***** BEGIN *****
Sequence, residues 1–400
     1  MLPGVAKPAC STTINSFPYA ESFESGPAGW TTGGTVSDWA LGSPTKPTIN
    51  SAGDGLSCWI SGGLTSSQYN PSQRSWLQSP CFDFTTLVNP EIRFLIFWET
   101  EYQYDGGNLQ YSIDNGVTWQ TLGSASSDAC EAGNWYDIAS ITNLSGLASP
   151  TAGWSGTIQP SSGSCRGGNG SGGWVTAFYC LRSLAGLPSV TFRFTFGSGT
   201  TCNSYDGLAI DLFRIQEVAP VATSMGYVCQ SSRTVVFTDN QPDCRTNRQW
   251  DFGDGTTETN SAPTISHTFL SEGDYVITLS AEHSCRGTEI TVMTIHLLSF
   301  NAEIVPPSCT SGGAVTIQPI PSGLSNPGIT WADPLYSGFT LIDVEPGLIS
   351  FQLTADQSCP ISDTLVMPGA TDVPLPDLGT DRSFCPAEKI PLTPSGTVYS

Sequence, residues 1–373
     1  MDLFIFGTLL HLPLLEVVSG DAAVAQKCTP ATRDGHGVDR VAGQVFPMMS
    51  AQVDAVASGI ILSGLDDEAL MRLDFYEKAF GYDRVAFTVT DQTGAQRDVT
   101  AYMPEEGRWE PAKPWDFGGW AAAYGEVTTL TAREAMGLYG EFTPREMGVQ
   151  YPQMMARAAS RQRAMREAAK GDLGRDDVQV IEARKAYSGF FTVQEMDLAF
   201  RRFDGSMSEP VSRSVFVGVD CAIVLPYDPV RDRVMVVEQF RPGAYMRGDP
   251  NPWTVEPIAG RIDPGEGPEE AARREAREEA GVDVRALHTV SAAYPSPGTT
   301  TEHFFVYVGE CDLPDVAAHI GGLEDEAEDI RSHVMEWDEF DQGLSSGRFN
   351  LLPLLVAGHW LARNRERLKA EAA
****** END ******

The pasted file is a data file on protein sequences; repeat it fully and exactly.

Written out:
Sequence, residues 1–400
     1  MLPGVAKPAC STTINSFPYA ESFESGPAGW TTGGTVSDWA LGSPTKPTIN
    51  SAGDGLSCWI SGGLTSSQYN PSQRSWLQSP CFDFTTLVNP EIRFLIFWET
   101  EYQYDGGNLQ YSIDNGVTWQ TLGSASSDAC EAGNWYDIAS ITNLSGLASP
   151  TAGWSGTIQP SSGSCRGGNG SGGWVTAFYC LRSLAGLPSV TFRFTFGSGT
   201  TCNSYDGLAI DLFRIQEVAP VATSMGYVCQ SSRTVVFTDN QPDCRTNRQW
   251  DFGDGTTETN SAPTISHTFL SEGDYVITLS AEHSCRGTEI TVMTIHLLSF
   301  NAEIVPPSCT SGGAVTIQPI PSGLSNPGIT WADPLYSGFT LIDVEPGLIS
   351  FQLTADQSCP ISDTLVMPGA TDVPLPDLGT DRSFCPAEKI PLTPSGTVYS

Sequence, residues 1–373
     1  MDLFIFGTLL HLPLLEVVSG DAAVAQKCTP ATRDGHGVDR VAGQVFPMMS
    51  AQVDAVASGI ILSGLDDEAL MRLDFYEKAF GYDRVAFTVT DQTGAQRDVT
   101  AYMPEEGRWE PAKPWDFGGW AAAYGEVTTL TAREAMGLYG EFTPREMGVQ
   151  YPQMMARAAS RQRAMREAAK GDLGRDDVQV IEARKAYSGF FTVQEMDLAF
   201  RRFDGSMSEP VSRSVFVGVD CAIVLPYDPV RDRVMVVEQF RPGAYMRGDP
   251  NPWTVEPIAG RIDPGEGPEE AARREAREEA GVDVRALHTV SAAYPSPGTT
   301  TEHFFVYVGE CDLPDVAAHI GGLEDEAEDI RSHVMEWDEF DQGLSSGRFN
   351  LLPLLVAGHW LARNRERLKA EAA